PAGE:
The Development of an Artistic Voice, Part 5… The Stratum Series and changing mediums

stratum print

Untitled, Intaglio Print, 4 1/2″ x 11 3/4″ on 15 1/2″ x 22″ paper, 2002

One thing that I discovered while working on this series is that I really enjoy taking the same basic imagery and moving it through a variety of mediums.

That is exactly what I did in the print above. I hade been making prints for a few years but in this work I was striving to find a way of taking the layering process I was using in my acrylic and pastel paintings and referencing it in my print making. Of course the mediums are very different an ultimately the final product looks very different. But, this is exactly the transformation I like- exploring what happens when an idea moves to a different medium. In this process, I paint hard ground (a resist that keeps the acid from eating the plate) onto the copper plate and submerge it into the acid. I then take it out clean it and repeat the process. Eventually, I end up with a plate will print like the image above. The plate is also deeply etched which means the paper embosses in addition to prints.

Untitled, charcoal on paper, 2002

In the drawing on the right, I am trying to adapt my process to pure drawing without an acrylic medium. In this series of work, I drew on the paper with charcoal just as I would have on  canvas. Then, rather than laying down an acrylic medium to spread the charcoal I took paint thinner and a cheap chip brush and spread the charcoal. The cheap brush helped give a very streaky feel that I enjoyed and the thinner allowed the development of washes and even drips. I repeated this process layering new lines on top of old just as I had done in the paintings and etchings.

Untitled, oil on canvas, 20″ x 16″, 2002

I have always loved oil paints. There is something about the feel and even the smell that I find very compelling. One thing I lamented with my new developing style was that I was no longer working with oils. So, for a period of time I sought to take a similar process and produce oil paintings. Painted the forms in oil and then layered glazes over them to create a subtle luminosity. There is something about these works that I still find compelling. A real sense of visual depth in a very flat surface. That and the sense of light that emerges from within the painting. I only did a few works like this. My favorite was a red one, the same size as this, but they were terribly hard to photograph and this one shows the forms more clearly.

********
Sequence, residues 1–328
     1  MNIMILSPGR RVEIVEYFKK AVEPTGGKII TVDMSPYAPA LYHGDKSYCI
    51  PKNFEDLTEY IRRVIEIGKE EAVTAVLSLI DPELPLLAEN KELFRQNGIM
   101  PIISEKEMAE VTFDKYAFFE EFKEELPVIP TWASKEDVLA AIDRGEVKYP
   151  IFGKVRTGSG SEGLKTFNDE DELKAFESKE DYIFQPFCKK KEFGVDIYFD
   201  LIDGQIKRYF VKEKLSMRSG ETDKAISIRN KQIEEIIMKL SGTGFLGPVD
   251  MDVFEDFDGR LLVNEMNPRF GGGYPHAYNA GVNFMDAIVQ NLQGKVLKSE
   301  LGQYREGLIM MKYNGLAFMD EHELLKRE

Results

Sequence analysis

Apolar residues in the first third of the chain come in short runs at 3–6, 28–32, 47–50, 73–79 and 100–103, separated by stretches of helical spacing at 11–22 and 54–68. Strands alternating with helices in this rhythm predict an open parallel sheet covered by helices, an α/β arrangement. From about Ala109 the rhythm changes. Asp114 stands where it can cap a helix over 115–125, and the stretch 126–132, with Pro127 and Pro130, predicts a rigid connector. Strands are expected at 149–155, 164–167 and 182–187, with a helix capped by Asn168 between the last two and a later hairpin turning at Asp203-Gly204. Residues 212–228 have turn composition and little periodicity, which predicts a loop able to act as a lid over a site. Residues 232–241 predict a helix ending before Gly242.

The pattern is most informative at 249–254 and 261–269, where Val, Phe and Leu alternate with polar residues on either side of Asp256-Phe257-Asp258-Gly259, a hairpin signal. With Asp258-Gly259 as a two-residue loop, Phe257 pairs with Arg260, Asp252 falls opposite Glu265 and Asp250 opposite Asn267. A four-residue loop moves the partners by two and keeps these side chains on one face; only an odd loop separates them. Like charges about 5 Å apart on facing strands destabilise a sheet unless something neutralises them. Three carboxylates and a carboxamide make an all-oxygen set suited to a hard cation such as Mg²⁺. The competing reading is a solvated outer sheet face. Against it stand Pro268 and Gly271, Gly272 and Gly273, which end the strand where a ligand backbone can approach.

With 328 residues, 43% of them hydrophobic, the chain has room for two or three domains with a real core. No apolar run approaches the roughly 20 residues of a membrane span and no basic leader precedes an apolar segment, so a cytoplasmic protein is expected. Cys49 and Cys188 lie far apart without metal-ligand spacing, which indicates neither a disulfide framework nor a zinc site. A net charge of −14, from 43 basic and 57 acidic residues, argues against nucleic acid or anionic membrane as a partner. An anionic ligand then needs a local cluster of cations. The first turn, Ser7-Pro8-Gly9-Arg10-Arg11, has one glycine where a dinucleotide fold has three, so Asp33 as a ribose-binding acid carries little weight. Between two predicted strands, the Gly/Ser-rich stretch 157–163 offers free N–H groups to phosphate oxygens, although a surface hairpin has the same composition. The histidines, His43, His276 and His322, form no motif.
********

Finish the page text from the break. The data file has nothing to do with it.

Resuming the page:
Acts 17, acrylic & pastel on on Canvas, 12" x 12", 2002

Acts 17, acrylic & pastel on Canvas,
12″ x 12″, 2002

Another way I experimented with the Stratum Series was to paint on shaped canvases. In this work the drips that happened over the edge had always been very important. However, the shaped portrait canvases allowed for something very different. They instantly began to reference cellular samples under a microscope. This one very intentionally references both blood and the social groupings which these forms had always referenced. Initially, these pieces displayed individually but in time they evolved to be grouped in large wall displays allowing the canvases to interact as pieces of a larger composition.

Developing an Artistic Voice

Rondall

Rondall Reynoso is an artist, scholar, and speaker. He is currently an Assistant Professor at Lee University in Cleveland, TN. He holds an MFA in Painting and an MS in Art History from Pratt Institute in Brooklyn, NY and is completing a PhD in Art History and Aesthetics from the Graduate Theological Union in Berkeley, CA. Rondall has shown his work in over 80 exhibitions internationally and his scholarship has been presented at conferences and published in both the U.S. and Canada.

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